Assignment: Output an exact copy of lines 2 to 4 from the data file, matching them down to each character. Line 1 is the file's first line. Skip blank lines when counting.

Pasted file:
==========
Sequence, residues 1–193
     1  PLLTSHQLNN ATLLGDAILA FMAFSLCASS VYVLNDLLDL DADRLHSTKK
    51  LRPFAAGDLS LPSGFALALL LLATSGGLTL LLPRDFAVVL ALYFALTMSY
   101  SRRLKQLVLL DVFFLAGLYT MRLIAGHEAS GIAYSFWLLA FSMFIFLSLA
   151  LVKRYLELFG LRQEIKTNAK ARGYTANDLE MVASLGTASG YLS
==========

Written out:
     1  PLLTSHQLNN ATLLGDAILA FMAFSLCASS VYVLNDLLDL DADRLHSTKK
    51  LRPFAAGDLS LPSGFALALL LLATSGGLTL LLPRDFAVVL ALYFALTMSY
   101  SRRLKQLVLL DVFFLAGLYT MRLIAGHEAS GIAYSFWLLA FSMFIFLSLA